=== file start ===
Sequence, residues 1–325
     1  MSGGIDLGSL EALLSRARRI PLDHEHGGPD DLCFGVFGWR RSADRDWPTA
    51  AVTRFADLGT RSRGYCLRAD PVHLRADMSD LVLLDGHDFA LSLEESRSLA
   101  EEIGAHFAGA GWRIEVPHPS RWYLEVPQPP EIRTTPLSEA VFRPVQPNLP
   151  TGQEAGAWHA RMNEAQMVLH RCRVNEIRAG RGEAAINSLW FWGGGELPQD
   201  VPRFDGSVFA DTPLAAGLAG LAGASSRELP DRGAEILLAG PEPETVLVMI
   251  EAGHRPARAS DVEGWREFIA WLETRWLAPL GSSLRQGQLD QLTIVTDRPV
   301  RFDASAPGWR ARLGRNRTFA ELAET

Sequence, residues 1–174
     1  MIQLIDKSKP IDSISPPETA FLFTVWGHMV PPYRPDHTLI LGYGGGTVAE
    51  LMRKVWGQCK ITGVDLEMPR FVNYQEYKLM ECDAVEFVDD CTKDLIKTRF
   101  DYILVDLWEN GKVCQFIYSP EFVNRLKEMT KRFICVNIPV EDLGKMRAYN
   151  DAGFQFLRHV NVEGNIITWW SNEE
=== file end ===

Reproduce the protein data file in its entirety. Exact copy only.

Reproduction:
Sequence, residues 1–325
     1  MSGGIDLGSL EALLSRARRI PLDHEHGGPD DLCFGVFGWR RSADRDWPTA
    51  AVTRFADLGT RSRGYCLRAD PVHLRADMSD LVLLDGHDFA LSLEESRSLA
   101  EEIGAHFAGA GWRIEVPHPS RWYLEVPQPP EIRTTPLSEA VFRPVQPNLP
   151  TGQEAGAWHA RMNEAQMVLH RCRVNEIRAG RGEAAINSLW FWGGGELPQD
   201  VPRFDGSVFA DTPLAAGLAG LAGASSRELP DRGAEILLAG PEPETVLVMI
   251  EAGHRPARAS DVEGWREFIA WLETRWLAPL GSSLRQGQLD QLTIVTDRPV
   301  RFDASAPGWR ARLGRNRTFA ELAET

Sequence, residues 1–174
     1  MIQLIDKSKP IDSISPPETA FLFTVWGHMV PPYRPDHTLI LGYGGGTVAE
    51  LMRKVWGQCK ITGVDLEMPR FVNYQEYKLM ECDAVEFVDD CTKDLIKTRF
   101  DYILVDLWEN GKVCQFIYSP EFVNRLKEMT KRFICVNIPV EDLGKMRAYN
   151  DAGFQFLRHV NVEGNIITWW SNEE